Results: Our results showed that SlTOR was an evolutionarily conserved protein kinase, of which the molecular formula was C12366H19734N3490O3584S104, the relative molecular weight was 277978.19Da and the number of amino acid residues was 2470. Besides, it was predicted to be an acidic and unstable protein. SlTOR protein did not contain the signal peptide or transmembrane region, showing that it might be an intracellular protein. And SlTOR was speculated to be targeted to the chloroplast. Moreover, SlTOR had five domains including HEAT, FAT, PIKKc_TOR, FRB and FATC. The KEGG database displayed the only one SlTOR metabolism pathway related to autophagy. The STRING database found that SlTOR probably interacted with SlSnRK1 and SlPP2C. The experimental results of the expression of SlTOR gene in different tissues suggested that in the mature tomato plant, it was expressed the most highly in the root, followed by in the fruit let and in the mature fruit. Our experimental results were roughly consistent with the predicted results.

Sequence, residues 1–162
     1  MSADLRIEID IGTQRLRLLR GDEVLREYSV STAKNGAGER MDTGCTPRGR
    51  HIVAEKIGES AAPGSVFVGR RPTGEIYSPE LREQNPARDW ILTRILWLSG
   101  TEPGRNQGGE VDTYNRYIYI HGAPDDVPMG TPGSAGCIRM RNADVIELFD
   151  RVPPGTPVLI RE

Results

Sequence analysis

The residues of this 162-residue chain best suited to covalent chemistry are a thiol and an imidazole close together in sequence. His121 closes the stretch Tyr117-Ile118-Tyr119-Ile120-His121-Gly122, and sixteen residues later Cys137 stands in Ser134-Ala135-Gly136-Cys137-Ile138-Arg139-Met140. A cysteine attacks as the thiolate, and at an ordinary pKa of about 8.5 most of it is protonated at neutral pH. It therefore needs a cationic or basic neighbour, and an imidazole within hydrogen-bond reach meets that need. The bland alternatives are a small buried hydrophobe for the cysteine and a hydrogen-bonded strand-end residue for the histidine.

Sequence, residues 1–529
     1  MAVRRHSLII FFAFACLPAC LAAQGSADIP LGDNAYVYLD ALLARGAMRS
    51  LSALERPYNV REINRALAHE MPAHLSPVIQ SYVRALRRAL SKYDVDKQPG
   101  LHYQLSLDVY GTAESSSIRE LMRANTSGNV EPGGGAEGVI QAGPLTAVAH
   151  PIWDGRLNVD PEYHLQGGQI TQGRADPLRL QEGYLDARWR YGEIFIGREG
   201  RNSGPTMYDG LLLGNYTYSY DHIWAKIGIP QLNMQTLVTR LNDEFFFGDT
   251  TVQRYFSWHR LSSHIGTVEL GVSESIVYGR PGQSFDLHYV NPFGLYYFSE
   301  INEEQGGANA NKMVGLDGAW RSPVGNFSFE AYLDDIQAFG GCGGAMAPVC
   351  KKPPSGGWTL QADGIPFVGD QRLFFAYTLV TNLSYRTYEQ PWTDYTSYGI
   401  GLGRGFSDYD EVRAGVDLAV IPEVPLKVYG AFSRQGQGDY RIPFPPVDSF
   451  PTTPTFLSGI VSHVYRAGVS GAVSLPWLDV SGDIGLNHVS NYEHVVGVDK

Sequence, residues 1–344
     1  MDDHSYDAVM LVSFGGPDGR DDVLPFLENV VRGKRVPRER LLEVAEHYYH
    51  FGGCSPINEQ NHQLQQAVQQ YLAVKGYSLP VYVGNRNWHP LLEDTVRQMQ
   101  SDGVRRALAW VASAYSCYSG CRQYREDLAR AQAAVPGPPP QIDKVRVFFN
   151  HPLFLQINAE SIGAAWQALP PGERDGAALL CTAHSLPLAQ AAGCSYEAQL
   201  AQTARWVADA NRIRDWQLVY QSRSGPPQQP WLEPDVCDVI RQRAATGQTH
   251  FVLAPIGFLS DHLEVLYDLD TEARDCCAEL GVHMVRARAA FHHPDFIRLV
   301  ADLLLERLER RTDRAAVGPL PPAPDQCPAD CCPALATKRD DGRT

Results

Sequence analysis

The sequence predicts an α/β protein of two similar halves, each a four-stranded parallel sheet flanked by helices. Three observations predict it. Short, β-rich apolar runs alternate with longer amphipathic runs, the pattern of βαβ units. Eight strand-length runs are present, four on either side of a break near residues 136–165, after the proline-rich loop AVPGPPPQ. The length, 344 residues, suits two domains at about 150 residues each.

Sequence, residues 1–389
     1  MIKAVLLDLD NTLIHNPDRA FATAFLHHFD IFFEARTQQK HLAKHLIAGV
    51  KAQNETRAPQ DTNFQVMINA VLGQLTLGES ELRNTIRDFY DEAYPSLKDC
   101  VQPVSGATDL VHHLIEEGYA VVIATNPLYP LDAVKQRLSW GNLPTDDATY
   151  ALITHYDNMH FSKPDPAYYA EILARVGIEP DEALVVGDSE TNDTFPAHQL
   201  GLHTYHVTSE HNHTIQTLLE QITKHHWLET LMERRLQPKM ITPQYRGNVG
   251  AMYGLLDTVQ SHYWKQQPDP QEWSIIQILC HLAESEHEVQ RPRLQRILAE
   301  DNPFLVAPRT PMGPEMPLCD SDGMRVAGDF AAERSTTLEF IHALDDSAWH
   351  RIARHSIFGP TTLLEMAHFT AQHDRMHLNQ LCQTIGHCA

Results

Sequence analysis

Open Access Original Research Article

In silico Analysis of Single Nucleotide Polymorphism in INHA Gene of Sheep and Goats

Rasheed B. Fatai, Mabel O. Akinyemi, Osamede H. Osaiyuwu

Biotechnology Journal International, Page 12-21
DOI: 10.9734/bji/2020/v24i230098

Inhibin A (INHA) a member of the transforming growth factor-β (TGF-β) family has been implicated in the negative feedback control mechanism of the pituitary follicle stimulating hormone (FSH). Inhibin has been reported to be associated with litter size, milk yield, fertility and reproductive traits in ruminants.